Although the film's release unfortunately coincided with the Yom Kippur war, it was a runaway success mostly thanks to De Funès brilliant ability to make a clearly despicable character both believable and human. Oury's script seems to have been tailored for De Funès but the more minor roles are equally well cast. Casting Dalio - a man whose face was used by the Nazis to exemplify the "typical Jew" - as the real Rabbi Jacob was a brilliant coup as was Suzy Delair as Pivert's chronically jealous wife. Thirty years later, the film is still seen as one of France's best comedies and, for once, popular taste coincides with my own views. It may not be the most elaborate humour but its sheer energy and bonhomie largely compensates for its low-brow credentials.

The French release is a double DVD set but no subtitles are available - this means it is unwatchable unless your French is top-notch. There is also an R1 release available (with English subs) but no extras.

Michael Sunda: Kikujiro no Natsu
Takeshi Kitano, 1999

Somewhat of a surprise following Hana-bi and Sonatine, not to mention the bizarre comedy Getting Any? Kikujiro marks yet another change of pace in Kitano’s career. Whilst there may not be any Yakuza in sight, the director’s approach to this simple tale of an unlikely friendship bears many similarities to his previous works. Minor spoilers ahead…

Initially, the two lead characters couldn’t seem any more different from each other. Masao is a shy young boy living with his grandmother, whilst Kikujiro (Kitano) is a brash, outspoken man whose idea of bonding is taking a child to the Bookies’. After Masao is left on his own for the summer, Kikujiro’s wife orders him to take the child to see his mother, who he has never met before, and so begins their adventure.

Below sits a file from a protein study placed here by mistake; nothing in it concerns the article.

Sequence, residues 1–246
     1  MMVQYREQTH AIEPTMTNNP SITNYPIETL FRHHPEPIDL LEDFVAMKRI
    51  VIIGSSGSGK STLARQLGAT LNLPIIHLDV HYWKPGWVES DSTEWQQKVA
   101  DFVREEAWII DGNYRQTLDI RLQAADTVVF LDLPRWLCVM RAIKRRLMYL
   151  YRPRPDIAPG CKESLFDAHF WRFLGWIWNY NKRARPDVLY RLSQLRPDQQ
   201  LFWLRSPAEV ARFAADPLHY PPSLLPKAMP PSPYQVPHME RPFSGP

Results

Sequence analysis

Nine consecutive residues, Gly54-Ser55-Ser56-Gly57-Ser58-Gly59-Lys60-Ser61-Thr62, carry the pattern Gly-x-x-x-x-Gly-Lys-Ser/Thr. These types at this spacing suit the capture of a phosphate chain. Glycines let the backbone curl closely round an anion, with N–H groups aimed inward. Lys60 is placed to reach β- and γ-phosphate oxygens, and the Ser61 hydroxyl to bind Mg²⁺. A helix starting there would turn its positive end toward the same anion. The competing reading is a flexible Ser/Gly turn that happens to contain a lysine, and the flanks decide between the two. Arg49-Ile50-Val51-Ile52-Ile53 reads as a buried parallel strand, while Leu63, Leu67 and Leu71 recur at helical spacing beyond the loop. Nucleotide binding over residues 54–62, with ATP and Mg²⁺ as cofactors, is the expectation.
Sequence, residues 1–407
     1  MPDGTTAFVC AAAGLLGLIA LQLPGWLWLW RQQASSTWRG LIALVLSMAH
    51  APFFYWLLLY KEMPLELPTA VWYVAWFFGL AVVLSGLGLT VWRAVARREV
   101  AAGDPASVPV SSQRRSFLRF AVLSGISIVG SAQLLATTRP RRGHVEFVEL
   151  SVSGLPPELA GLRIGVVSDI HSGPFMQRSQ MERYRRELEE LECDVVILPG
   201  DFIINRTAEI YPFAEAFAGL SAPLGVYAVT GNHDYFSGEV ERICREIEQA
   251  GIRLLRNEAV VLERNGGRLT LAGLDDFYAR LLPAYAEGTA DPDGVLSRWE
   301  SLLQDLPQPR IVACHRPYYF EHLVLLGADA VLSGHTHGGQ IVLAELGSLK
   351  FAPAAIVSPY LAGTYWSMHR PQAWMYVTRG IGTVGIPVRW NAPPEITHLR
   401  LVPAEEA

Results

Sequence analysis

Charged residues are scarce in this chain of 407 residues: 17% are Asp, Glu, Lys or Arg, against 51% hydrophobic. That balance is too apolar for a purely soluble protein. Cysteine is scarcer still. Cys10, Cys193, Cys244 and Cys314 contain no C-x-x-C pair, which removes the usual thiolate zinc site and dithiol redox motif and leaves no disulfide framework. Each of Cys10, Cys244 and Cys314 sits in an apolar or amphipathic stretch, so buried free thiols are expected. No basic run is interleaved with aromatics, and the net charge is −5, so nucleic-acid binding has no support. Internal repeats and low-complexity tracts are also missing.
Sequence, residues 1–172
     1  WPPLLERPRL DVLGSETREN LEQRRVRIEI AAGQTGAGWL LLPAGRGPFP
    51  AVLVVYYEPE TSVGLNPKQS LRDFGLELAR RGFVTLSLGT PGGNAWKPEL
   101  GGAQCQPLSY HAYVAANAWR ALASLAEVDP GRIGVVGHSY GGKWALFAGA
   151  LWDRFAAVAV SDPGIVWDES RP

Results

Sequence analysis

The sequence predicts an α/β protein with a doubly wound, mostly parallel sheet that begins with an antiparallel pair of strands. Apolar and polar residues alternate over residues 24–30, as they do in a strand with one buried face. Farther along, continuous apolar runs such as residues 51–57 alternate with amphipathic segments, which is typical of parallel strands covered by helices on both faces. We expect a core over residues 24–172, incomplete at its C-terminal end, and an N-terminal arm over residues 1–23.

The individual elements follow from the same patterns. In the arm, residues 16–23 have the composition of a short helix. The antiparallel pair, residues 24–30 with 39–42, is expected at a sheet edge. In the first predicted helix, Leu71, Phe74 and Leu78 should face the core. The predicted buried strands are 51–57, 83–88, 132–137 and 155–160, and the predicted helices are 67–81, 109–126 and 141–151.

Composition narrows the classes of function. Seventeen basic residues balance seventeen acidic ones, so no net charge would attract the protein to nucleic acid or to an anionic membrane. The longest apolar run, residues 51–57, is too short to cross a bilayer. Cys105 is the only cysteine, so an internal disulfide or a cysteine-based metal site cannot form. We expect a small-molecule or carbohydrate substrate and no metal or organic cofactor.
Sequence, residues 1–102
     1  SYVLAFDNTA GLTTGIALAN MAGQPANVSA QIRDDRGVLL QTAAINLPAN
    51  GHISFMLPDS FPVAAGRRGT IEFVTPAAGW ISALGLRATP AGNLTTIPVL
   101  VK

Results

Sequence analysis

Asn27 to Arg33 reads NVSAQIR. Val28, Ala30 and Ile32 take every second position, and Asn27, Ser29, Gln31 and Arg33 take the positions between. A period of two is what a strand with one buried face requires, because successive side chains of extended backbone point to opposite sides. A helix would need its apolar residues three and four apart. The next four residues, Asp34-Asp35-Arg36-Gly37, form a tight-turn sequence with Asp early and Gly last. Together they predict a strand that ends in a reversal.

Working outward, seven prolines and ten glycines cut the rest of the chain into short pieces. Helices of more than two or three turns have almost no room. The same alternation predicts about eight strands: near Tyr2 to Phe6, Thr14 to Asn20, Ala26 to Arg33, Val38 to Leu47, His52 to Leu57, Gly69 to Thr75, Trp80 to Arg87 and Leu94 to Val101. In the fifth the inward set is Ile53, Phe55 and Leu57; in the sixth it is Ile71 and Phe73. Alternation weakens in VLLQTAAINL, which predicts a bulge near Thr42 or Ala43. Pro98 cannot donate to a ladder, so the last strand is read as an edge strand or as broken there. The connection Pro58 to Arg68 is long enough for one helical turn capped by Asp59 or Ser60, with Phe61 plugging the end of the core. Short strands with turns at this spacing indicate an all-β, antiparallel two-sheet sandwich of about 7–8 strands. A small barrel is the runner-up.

Told from the child’s point of view, the film never fails to be touching, and is consistently comical, despite tackling some surprisingly adult themes. Not to overlook the frequently amusing situations that arise from Kikujiro’s interaction with the other characters – from Baldy and Fatso the bikers, to an unwitting hotelier – the real substance of the film comes from the development of the relationship between Kikujiro and Masao. They both learn a lot from each other (albeit not consciously) and from their experiences together, and although Masao might still be without a mother at the end, he has not only had an eventful vacation, but also gained a father figure.

Sticking to his usual style, which always strikes me as somewhat of an equivalent to minimalism, Kitano’s direction is excellent, as is his contribution to the cinematography. Combine that with a haunting score by the ever-impressive Joe Hisaishi, and this is very much a Kitano movie, just with a change of subject matter.